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The journey to a more sustainable tomorrow: credit risk and climate change

Apr 13, 2021

Chris Wood headshot photo Chris Wood
Partner, Accounting Advisory Services, Toronto, PwC Canada

In my last blog, I wrote about new and emerging risks to consider when measuring expected credit losses (ECLs) and the reminder from John Maynard Keynes that ‘it’s better to be roughly right than precisely wrong’. As this month marks a half decade since the signing of the Paris Accord, I thought it’d be worthwhile to dig a bit deeper on one of those areas that’s been getting a lot of attention lately – ESG (Environmental, Social and Corporate Governance). In many cases, quantification remains in its infancy and my objective here isn’t to plead for immediate and exhaustive modelling of all things ESG. Having said that, regulators and investors are becoming more and more interested and change is happening fast, so it’ll be wise to think things through now even if we can’t measure them precisely yet. When it comes to credit risk, here are some ways to do that:

  • Start by focusing on climate change (where the most information is available) and corporate exposures (which are most likely to be affected).
  • Think separately about physical risk (such as destruction or temporary disruption of physical assets from increased incidence of severe weather events) and transition risk (advancement or displacement as a result of moving to a ‘greener’ and more sustainable economy).
  • Consider independently how each risk, and forward-looking change therein, might affect ‘significant increase in credit risk’ assessments, ECL measurements and related disclosures.
  • Be mindful of duration – while change is happening fast, longer-term exposures are likely to be more affected than short-term ones.
  • Explore approaches that go both top-down (portfolio and industry / segment heatmapping) and bottom-up (borrower / segment correlation or other analysis).
  • Be aware of the resources and tools already out there, like the UN Environment Programme Finance Initiative publication Navigating a New Climate and its New Tools and Frameworks for Transition Risk.
  • Recognise that ‘one size’ doesn’t fit all – different portfolios will have different risk exposures depending on duration, industry, geography etc and, in many cases, only top-down assessments of vulnerable geographies and industries will be possible.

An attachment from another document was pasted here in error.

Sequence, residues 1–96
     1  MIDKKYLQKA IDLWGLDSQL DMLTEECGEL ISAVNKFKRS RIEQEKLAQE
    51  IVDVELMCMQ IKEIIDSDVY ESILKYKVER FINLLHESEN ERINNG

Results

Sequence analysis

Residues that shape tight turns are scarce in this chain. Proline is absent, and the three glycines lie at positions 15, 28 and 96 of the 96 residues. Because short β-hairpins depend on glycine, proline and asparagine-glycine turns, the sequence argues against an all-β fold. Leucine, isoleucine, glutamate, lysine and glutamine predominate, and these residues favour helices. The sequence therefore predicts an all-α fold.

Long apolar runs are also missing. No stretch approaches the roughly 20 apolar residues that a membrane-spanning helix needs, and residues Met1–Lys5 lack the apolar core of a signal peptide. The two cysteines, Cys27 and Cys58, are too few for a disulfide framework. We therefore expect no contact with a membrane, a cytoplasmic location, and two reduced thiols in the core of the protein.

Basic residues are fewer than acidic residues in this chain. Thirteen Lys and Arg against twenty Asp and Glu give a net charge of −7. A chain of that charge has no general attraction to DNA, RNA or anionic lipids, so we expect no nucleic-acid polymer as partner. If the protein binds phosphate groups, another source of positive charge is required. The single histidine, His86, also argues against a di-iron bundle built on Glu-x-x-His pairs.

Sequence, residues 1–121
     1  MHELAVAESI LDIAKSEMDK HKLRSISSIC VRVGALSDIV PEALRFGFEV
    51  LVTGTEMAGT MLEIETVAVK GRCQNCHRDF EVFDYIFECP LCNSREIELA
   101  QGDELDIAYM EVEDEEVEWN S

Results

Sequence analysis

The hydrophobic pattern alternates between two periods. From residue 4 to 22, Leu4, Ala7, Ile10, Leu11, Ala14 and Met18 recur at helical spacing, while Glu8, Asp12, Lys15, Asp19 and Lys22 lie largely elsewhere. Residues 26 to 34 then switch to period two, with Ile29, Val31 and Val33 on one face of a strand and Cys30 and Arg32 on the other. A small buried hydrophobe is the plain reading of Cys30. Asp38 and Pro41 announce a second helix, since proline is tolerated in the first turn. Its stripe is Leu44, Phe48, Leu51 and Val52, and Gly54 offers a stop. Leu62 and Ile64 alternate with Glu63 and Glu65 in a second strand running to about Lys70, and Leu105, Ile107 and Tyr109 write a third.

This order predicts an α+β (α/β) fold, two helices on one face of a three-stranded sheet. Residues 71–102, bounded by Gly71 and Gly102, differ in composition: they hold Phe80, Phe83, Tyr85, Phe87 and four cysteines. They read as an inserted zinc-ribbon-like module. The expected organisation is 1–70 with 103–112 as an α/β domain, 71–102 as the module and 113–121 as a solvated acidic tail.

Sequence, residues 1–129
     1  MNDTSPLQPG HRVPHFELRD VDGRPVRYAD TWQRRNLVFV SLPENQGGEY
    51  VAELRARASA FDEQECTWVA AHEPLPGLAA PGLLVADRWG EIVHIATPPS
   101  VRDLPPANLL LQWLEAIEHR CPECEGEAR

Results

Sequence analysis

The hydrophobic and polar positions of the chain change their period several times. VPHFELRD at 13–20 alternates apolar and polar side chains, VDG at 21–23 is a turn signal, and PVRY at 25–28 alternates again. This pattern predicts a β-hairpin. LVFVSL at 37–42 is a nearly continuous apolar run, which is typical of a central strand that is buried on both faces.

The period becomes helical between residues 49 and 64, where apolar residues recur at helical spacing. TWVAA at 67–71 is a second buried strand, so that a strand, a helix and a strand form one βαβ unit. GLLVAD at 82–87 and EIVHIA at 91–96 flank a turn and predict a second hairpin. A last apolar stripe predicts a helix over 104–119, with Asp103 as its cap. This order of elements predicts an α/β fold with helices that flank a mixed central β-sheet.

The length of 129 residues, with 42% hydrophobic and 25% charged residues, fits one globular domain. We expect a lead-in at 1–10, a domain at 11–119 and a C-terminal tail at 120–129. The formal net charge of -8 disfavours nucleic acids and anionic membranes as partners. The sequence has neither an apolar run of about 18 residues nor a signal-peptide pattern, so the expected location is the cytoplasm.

• Examine beyond immediate transactions and structures to understand the full impacts (including those that are indirect).
  • Avoid double counting risks, by considering the extent to which they might already be captured directly or indirectly through model inputs like market credit spreads, expected default frequency and other factors.
  • Acknowledge that, while all risks need to be considered, that doesn’t necessarily mean that they can all be modelled and, in some cases, limitations of data (such as geo-spatial, hazard and technology impact pathways) will make granular analysis difficult and require judgement instead (remember the Keynes quote).
  • Consider other arrangements like insurance, guarantees, government subsidies (or other payments and policies) and other sources of recoveries, including how they’re structured and how their providers are thinking about (and responding to) evolving ESG risks.
  • And remember what Ralph Waldo Emerson said – it’s about the journey, not the destination, so scenario analysis will likely be key too.

Whatever approach you take, expect it to receive increased attention as focus on climate risks by government, regulators, investors and other stakeholders continues to increase. The good news is that the past year has helped to advance thinking when it comes to measuring uncertainty, and today’s task isn’t to precisely predict which changes and events will happen and when, but to consider the possibilities and significant effects that they could have. While we can’t presume that forward-looking risks will manifest later than a portfolio’s maturity, by doing thoughtful analysis we might find that, in some cases, that’s true. Either way, thinking through things now will help prepare for questions that are sure to come. More importantly, for banks whose profits hinge on the measurement, management and monetisation of risk, it might also help to avoid surprises down the road and to identify market opportunities.

All views expressed are the authors

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